Pain is weird - just ask the dude over at painscience.com. But understanding pain helps us explain pain and explain the sensations many people often feel. Understanding pain can both be a desensitizer in its own right and help facilitate behavioural changes that lead to good rehabilitation.
One complaint we often here is the subjective feeling that a knee, a shoulder, a joint, the pelvis just FEELS OFF. It just feels weird. Its not their shoulder anymore its some other thing. The pelvis feels like its "out of place" or "off". The knee can feel "swollen". Balance gets perturbed. A patient might feel like they just can't push off or they are weak. But if you objectively measure strength the strength can be comparable to the other side. These are really common feelings when pain persists or when you have had an injury in the past. Its like the memory of pain is lingering and you just don't "confidence" in that body part anymore.
So how do can we explain this?
Traditionally, we would resort to the biomedical model and say "Ya, totally, that SI joint is out of place and now let me crack it back into position". Well, we know that is just poppycock. Even though the crack might feel better it was most likely not ever out of position. That's so 1976 and 1976 sucked. What might be a better way to explain this. Perhaps, a less wrong way to explain because I am sure there are even faults in this explanation and with time it should evolve too.
This is where we turn to the concept of cortical body maps. I wrote a little before about those in this post here. Another great explanation on why people feel that their pelvis is out of alignment is here. Below is how I would describe the issue to a patient explaining that their left knee just feels "off" and "different".
You've described your knee as feeling weird and just different from your other one. You note it feels weaker and like you can't control it. It just feels "off". This is not uncommon. And many people feel this. You might be weaker and you might have a difference in how you control that body part. And some of that comes down to how your brain controls movement and how it "feels" and perceives your body in space. Its pretty amazing actually and not at all weird even thought it seems like it. Athletes have known this for years. They know that it is the brain that really controls movement and so sometimes the best way to control movement is to practice training the brain. That's why you see downhill skiers visualizing the course before they do their run. Or a diver imagining their dive before. Movement starts in the brain so its a good idea to train it.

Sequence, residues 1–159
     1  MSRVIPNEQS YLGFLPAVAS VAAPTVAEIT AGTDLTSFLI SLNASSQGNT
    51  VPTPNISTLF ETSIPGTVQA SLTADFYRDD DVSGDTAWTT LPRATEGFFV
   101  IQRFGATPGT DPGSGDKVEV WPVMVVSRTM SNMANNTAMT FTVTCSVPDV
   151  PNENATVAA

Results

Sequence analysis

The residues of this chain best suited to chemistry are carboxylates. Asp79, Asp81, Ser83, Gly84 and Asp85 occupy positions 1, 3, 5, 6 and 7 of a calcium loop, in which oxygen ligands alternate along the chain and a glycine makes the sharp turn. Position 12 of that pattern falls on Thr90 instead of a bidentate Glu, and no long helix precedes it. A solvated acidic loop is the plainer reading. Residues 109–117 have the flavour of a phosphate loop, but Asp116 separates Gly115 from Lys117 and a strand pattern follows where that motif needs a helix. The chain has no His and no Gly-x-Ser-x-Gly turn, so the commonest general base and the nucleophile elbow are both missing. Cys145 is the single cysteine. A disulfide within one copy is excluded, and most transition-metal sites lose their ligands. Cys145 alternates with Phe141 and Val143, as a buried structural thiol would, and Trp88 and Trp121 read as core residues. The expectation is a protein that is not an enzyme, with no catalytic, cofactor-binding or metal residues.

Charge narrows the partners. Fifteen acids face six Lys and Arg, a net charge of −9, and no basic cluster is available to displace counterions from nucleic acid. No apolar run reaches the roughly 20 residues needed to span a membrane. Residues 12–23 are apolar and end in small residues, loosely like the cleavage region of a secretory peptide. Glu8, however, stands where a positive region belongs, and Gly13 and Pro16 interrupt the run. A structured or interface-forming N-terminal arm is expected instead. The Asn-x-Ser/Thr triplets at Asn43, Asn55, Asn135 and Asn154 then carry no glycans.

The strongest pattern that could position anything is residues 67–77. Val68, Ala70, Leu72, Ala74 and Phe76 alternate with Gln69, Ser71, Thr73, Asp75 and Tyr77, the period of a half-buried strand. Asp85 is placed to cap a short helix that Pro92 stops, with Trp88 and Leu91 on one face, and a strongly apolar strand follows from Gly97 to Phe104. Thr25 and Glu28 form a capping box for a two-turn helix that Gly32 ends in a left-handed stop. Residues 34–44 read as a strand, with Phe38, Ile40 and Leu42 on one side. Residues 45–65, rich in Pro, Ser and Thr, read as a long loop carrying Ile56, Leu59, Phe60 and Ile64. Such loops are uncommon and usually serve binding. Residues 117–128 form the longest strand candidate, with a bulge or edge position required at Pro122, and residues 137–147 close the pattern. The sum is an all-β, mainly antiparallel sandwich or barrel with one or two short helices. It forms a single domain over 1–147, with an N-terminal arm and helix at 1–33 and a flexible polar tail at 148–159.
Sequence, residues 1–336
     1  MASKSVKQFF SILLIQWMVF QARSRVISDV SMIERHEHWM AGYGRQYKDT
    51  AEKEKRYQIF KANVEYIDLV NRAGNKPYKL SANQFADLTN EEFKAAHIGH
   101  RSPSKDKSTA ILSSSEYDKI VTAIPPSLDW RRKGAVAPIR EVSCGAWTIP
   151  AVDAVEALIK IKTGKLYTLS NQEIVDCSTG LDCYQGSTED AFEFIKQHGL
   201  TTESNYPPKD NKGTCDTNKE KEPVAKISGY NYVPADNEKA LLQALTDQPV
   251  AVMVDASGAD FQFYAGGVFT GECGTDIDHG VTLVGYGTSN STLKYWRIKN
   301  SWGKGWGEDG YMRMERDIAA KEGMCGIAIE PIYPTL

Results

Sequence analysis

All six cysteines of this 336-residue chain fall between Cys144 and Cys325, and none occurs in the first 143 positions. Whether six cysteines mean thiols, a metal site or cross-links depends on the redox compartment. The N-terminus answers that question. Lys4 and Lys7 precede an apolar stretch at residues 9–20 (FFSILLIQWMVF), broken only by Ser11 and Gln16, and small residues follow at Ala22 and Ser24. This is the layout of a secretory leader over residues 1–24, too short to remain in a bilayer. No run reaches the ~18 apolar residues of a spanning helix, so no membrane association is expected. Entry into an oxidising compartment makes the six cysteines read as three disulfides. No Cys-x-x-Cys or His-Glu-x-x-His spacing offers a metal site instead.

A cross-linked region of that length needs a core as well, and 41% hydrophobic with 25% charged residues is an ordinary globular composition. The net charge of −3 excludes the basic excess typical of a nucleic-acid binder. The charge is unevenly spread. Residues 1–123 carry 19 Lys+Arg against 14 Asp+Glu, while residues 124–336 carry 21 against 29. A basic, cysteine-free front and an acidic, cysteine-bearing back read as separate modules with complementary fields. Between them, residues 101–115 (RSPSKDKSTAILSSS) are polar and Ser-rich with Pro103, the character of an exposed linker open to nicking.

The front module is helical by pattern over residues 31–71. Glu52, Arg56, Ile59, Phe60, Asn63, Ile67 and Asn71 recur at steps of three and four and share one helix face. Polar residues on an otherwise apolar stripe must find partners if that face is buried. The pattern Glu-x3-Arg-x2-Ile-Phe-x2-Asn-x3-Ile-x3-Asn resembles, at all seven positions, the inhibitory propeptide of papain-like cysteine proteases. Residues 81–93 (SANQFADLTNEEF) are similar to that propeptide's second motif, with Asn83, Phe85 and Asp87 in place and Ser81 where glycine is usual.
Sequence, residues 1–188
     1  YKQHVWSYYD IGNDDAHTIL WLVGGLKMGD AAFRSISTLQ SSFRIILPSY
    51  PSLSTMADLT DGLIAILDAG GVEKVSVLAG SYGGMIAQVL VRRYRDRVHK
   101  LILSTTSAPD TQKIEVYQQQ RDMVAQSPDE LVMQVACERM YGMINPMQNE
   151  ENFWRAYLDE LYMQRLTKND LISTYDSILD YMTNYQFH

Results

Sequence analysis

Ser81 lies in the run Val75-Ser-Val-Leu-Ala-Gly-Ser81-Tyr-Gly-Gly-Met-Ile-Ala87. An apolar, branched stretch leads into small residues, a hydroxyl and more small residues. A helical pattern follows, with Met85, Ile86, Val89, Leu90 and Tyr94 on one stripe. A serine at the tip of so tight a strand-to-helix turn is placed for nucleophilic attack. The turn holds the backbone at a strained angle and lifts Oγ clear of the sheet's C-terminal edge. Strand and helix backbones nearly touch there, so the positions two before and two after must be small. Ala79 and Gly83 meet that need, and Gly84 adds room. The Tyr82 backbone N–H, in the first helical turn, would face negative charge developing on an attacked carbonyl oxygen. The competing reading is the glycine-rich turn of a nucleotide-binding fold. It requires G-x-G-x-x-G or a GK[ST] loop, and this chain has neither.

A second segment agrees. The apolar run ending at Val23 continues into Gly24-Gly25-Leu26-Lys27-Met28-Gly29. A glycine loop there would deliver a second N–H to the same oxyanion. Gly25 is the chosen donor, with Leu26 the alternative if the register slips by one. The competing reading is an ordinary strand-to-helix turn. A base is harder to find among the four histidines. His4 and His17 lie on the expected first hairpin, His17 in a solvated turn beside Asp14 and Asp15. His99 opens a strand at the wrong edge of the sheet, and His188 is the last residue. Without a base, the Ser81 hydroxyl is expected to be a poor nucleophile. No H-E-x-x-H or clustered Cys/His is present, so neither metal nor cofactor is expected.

But, pain does odd things. One thing it can do is influence how the brain controls movement and how you perceive your body. All of us have a map of our body in our brain. You know where your body parts are and you know how to control them. This is called a representation. With persisting pain that representation or that map can become distorted. Less precise. Its like spilling coffee on a real map. If you are out in the wilderness you want as much information on your map as possible to know how to navigate around. You want borders, elevation changes, rivers, paths etc. With pain, that coffee spill blurs the borders between Belgium and Luxembourg (I think they are near each other). With that blurring it makes it harder to get around and to navigate where you are going.
Pain does the same thing with the maps in your brain. They get smudged. You feel weird. Your pain can travel. You can feel off balance. Your body part can feel distorted. It can even be harder to do imagined movements. ALL OF THIS NORMAL...and you can train to improve this.
Exercise, visualization, focused practice or fancy stuff like "Graded Motor Imagery" can all help change those maps.
You also want to remember that you don't have to change those maps to be out of pain. You can always have that weird sensation. It is not unusual and if you ask your friends who had injuries in the past they will often report that the body part still feels weird or different from the other side. Its OK. These are normal changes and aren't necessarily a sign of anything nefarious.
...and that is how I explain those sensations. There are plenty of other ways and I will probably be doing it different years from now.